- Satellites also have a dark side. Satellites can be used for surveillance, and their use has been linked to human rights abuses. They can also be used as weapons, as was demonstrated by the United States during the Gulf War.
- What many people don’t realize is that satellites travel at incredible speeds. For example, some satellites travel at 18,000 miles per hour, which means they can travel the entire circumference of the Earth about 14 times a day. Such high speeds are necessary to keep satellites in orbit and prevent them from crashing into the Earth.
- William Kampiles had always dreamed of working for the CIA. So when he was approached by a Russian agent and offered $3000 for a top-secret KH-11 spy satellite manual, he didn’t hesitate. He stole the manual from the CIA and sold it to the Russians. But his dream of becoming a double agent quickly turned into a nightmare. The CIA was furious, and Kampiles was sentenced to 40 years in prison.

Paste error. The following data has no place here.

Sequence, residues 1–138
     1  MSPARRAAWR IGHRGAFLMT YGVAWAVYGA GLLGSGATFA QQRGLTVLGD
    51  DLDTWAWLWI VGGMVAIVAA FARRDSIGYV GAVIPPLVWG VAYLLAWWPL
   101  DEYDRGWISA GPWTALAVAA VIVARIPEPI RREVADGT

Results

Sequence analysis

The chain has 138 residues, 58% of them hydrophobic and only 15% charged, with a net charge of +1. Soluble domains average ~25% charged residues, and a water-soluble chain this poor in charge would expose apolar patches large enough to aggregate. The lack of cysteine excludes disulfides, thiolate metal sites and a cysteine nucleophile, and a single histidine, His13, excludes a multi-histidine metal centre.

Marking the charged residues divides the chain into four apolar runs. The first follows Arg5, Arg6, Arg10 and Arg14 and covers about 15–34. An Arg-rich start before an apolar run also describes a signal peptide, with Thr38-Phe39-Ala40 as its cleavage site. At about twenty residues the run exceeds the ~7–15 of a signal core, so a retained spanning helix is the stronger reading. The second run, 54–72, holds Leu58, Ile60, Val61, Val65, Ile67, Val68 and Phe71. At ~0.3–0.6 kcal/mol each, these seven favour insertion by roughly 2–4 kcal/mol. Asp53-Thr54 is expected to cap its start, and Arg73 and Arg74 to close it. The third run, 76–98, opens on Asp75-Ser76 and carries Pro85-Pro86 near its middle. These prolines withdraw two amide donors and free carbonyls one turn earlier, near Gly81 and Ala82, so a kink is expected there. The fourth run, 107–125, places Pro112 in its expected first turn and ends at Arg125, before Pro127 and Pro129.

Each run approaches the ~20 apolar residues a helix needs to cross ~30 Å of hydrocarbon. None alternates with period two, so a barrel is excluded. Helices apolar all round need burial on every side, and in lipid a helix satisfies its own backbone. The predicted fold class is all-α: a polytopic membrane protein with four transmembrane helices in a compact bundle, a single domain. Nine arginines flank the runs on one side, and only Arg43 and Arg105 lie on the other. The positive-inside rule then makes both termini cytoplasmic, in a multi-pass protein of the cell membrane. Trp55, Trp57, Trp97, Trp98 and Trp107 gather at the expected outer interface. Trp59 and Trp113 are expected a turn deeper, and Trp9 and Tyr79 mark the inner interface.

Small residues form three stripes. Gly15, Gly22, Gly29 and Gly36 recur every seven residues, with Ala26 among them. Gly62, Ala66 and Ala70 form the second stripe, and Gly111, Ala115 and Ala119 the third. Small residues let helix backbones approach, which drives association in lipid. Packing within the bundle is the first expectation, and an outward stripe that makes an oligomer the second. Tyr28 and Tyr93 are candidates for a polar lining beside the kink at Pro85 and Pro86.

- On July 11, 1979, the Skylab satellite came crashing down to Earth in Western Australia, scattering debris over a large area. The Australian government was not amused. In fact, they issued a fine of $400 to the US government for littering. NASA didn’t bother to pay the fine. This incident caused a lot of public outcry in Australia. People were outraged that the US would be so careless as to allow their satellite to fall from the sky and create such a mess.
- In 2005, the city of DISH, Texas struck a deal with the satellite television company Dish Network. In exchange for changing its name to “DISH, Texas” and agreeing to fly the Dish Network flag above City Hall, the company would provide free Dish Satellite service to all residents for 10 years. The agreement was a win-win for both parties: the city got free TV, and Dish Network got valuable marketing exposure.
- Over 2,500. That’s the number of satellites currently orbiting the Earth, beaming down everything from GPS directions to high-definition TV. And that number is only going to increase in the years to come.